Letter from Ithaca

The Living-Learning Experience

From David Skorton

wELCOME TO MY FIRST column in Cornell Alumni Magazine. I look forward to sharing my thoughts and observations about the University, and to getting your feedback about the issues raised.

One of the most difficult aspects of the presidency in a large research university is getting personally engaged with the students and understanding their experience within the broader university context. For that reason,my wife, Professor Robin Davisson, and I have focused during our first few months on getting to know students on their own turf. In addition, we hoped to gain an understanding of the role the living-learning communities on North Campus and West Campus play in the undergraduate experience. I am convinced that the living-learning concept is a robust one and is important for the quality of the student experience-- and that we should continue to strengthen it.

Robin and I moved into Mary Donlon Hall on North Campus for a week at the beginning of the fall semester to meet our fellow first-year students, and we've experienced the living-learning environment for sophomores and upper-level students as house fellows at the Carl Becker House on West Campus. I've also visited some of the program houses, where students explore a particular intellectual, cultural, or creative interest.

Recognizing Cornell's long-standing tradition of including students in university governance, I've asked Vice President Susan Murphy to arrange periodic meetings with student leaders as well as open sessions to which all students are invited.We had our first open session recently, hosted by the Student Assembly, with excellent give and take. Finally, the editors of the Daily Sun invited me to write a monthly column, which I have used to explore what I hope are thought-provoking topics.

From these undertakings, I have formed some early conclusions about the student experience at Cornell. First, the bright, highly motivated students here expect to receive not only a superb pedagogical experience but also to participate in real research, creative work, and public service directed by faculty mentors. Second, first-year students greatly appreciate the opportunity to enter our large community within smaller groupings. Third, Cornell students are hungry to be involved in shared governance of the University and have a clear expectation of meaningful interchange.

All these student appetites are fed by our living-learning communities. The idea for faculty participation in residential life began during the administration of Frank Rhodes. It grew and matured under the leadership of Hunter Rawlings and is now a thriving part of the Cornell culture. Some 720 undergraduates live in the residential houses on West Campus; 1,800 will live there when all five houses are completed. Not only does our system permit students to experience Cornell within communities of manageable size and scope, it also permits undergraduates to become closer to graduate students, faculty fellows, and faculty-inresidence. The system encourages mentoring in curricular and many other areas, a chance to meet role models, and an opportunity to challenge and be challenged on the entire gamut of academic and worldly issues. It also provides meaningful opportunities to be involved in house governance.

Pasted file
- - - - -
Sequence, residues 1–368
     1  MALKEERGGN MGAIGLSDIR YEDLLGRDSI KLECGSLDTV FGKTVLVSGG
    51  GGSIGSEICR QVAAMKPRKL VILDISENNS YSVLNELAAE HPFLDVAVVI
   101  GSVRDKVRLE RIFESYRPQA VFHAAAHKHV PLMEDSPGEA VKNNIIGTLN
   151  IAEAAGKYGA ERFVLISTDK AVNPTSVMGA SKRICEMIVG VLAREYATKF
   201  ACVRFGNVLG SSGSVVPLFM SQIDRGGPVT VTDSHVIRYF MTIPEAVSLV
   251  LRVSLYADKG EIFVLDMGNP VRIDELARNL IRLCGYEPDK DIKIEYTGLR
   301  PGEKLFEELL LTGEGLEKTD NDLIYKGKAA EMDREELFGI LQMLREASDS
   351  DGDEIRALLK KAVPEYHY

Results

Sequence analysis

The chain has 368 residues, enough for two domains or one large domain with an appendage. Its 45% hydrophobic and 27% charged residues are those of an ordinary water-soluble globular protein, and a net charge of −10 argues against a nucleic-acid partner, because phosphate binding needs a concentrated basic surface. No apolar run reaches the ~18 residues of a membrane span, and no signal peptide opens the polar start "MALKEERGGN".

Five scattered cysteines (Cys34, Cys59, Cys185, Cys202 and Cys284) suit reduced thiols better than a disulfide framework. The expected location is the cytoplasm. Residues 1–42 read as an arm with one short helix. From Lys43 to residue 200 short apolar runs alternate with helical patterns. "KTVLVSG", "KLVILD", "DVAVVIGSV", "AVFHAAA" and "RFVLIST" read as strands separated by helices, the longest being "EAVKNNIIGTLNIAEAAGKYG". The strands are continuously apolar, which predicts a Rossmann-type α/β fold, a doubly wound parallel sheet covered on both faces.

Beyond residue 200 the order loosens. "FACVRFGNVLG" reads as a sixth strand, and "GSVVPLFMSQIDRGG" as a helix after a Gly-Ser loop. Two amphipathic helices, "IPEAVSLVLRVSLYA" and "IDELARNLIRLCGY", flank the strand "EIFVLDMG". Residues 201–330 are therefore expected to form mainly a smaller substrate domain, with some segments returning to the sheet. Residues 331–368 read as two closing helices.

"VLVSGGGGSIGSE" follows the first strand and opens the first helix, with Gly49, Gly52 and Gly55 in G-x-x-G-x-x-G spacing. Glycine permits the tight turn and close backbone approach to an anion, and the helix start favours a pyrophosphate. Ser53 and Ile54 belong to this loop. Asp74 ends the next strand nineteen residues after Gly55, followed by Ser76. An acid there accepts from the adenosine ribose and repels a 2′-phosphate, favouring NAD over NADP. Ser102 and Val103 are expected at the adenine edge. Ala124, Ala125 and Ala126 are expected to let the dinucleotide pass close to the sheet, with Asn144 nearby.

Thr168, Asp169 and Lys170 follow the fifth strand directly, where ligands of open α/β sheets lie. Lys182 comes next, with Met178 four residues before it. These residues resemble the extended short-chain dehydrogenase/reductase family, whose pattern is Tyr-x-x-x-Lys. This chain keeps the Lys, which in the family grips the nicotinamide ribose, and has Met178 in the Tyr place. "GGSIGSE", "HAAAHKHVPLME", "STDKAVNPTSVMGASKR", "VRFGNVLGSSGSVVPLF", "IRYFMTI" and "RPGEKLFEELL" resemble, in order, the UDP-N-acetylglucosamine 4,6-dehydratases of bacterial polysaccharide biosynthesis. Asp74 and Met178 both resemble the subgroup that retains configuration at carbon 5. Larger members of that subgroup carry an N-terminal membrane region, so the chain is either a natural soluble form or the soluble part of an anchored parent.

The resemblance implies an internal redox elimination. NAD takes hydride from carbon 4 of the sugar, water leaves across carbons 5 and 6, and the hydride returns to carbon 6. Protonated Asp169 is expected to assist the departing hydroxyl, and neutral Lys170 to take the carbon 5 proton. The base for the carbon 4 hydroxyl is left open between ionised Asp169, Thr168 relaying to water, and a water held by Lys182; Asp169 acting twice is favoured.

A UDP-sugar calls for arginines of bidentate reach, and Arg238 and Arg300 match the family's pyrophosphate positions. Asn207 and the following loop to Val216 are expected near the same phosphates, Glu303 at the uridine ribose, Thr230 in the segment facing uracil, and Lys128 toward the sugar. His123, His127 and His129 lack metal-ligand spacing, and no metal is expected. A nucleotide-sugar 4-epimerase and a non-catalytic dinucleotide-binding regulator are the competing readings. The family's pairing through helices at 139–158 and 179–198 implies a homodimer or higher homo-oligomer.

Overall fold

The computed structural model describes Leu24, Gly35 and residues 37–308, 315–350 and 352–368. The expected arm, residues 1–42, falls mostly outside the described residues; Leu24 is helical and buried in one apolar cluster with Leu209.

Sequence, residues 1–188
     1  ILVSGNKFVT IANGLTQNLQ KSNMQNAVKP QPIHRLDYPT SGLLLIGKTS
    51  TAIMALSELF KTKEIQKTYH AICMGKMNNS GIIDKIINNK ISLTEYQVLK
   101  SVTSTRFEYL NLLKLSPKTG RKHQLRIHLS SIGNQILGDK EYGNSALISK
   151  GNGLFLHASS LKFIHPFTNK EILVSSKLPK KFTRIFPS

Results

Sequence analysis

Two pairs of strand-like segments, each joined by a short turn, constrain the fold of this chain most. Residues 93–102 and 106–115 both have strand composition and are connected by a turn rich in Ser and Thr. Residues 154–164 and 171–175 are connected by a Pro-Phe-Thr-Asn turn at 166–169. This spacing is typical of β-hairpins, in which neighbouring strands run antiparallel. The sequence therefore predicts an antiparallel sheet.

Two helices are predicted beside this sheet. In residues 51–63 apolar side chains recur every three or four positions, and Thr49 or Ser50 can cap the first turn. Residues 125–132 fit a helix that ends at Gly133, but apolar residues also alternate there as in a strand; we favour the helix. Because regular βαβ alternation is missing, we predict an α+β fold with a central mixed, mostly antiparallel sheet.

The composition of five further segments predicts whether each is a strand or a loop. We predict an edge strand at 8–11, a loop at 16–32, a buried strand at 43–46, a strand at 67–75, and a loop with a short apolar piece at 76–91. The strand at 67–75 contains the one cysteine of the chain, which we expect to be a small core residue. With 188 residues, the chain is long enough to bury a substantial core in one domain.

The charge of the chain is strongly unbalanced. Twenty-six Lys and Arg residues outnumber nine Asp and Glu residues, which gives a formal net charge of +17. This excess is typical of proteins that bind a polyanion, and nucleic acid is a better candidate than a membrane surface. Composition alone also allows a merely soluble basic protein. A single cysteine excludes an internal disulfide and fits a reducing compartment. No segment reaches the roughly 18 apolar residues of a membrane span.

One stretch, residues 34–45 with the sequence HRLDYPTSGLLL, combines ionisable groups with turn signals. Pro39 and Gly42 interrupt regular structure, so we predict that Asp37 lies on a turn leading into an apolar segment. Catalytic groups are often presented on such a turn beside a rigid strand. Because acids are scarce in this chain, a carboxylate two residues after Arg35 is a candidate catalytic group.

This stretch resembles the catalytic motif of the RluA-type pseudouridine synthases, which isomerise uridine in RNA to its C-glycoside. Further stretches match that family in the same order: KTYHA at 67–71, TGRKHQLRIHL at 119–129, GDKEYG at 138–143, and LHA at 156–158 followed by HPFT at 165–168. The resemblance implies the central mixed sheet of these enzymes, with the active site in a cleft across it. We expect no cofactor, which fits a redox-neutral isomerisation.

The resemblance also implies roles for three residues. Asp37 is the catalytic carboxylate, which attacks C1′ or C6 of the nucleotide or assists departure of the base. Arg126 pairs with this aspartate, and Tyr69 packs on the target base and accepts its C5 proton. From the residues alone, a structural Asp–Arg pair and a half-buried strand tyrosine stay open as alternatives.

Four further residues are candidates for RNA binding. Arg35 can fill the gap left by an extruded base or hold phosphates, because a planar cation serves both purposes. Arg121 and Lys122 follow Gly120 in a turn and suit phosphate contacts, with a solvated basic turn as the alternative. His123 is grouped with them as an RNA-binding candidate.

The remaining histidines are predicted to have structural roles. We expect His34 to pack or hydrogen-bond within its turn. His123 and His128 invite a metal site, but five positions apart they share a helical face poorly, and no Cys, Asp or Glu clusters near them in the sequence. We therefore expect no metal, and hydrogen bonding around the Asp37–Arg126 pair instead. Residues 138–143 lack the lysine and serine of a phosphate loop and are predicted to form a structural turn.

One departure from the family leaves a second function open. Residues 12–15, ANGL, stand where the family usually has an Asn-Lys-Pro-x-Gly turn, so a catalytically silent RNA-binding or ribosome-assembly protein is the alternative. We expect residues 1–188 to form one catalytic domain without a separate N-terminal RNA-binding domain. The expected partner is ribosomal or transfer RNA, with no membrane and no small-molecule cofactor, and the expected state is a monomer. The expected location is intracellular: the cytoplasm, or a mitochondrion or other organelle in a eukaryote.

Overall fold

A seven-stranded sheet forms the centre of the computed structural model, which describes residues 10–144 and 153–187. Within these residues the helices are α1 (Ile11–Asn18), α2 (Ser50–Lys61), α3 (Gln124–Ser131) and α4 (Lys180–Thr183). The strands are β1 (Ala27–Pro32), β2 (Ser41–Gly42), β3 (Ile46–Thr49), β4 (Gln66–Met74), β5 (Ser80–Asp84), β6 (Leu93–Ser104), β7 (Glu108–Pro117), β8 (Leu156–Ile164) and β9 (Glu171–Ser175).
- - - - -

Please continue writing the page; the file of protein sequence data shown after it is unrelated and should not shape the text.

Many of our fraternities and sororities are also engaging faculty fellows as well as recent graduates and graduate students to serve as mentors within the houses and work closely with chapter and Greek council leaders. I hope the interest in faculty involvement and in the integration of living and learning will come more fully to characterize Greek life on campus.

Recently, as you may be aware, there has been quite a discussion about housing for transfer students. Each year about 500 students transfer to Cornell. I was a transfer student myself as an undergraduate, beginning my studies at UCLA and finishing my baccalaureate degree at Northwestern, so I am sympathetic to the special interests and concerns of these students. About 200 students currently live in the Transfer Center on West Campus, which will be relocated temporarily to the Hasbrouck Apartments next year because of West Campus construction. As we move forward with the West Campus Residential Initiative, I will continue to listen closely as staff and students work together to integrate transfers into the West Campus houses while continuing to provide the support and services the current Transfer Center provides.

I welcome your feedback, comments, and suggestions about the living-learning communities and other aspects of the student experience at Cornell. Please contact me through CAM or by sending a note or e-mail to me at 300 Day Hall.

-- David Skorton